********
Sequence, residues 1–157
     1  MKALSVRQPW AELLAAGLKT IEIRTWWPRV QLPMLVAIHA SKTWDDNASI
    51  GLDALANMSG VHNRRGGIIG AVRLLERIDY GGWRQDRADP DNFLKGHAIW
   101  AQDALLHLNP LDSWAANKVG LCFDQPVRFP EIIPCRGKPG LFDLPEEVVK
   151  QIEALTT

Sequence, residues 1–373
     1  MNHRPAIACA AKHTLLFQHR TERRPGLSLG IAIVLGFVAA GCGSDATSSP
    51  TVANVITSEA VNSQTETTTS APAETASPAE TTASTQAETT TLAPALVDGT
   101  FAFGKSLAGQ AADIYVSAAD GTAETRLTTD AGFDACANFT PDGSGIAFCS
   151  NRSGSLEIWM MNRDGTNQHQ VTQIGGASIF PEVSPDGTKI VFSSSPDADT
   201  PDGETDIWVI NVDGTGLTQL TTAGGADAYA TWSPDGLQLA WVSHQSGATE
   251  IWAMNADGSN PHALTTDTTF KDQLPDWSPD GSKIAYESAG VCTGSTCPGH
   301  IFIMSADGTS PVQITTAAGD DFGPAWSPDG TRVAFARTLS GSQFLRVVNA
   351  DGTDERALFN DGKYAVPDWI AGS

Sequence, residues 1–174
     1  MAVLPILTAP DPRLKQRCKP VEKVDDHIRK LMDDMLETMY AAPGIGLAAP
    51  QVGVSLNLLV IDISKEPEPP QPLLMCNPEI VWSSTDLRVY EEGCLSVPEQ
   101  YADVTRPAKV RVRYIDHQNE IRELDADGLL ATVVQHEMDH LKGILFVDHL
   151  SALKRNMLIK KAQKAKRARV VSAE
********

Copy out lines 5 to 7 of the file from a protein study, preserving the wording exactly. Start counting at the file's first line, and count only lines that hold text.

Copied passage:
   151  QIEALTT

Sequence, residues 1–373
     1  MNHRPAIACA AKHTLLFQHR TERRPGLSLG IAIVLGFVAA GCGSDATSSP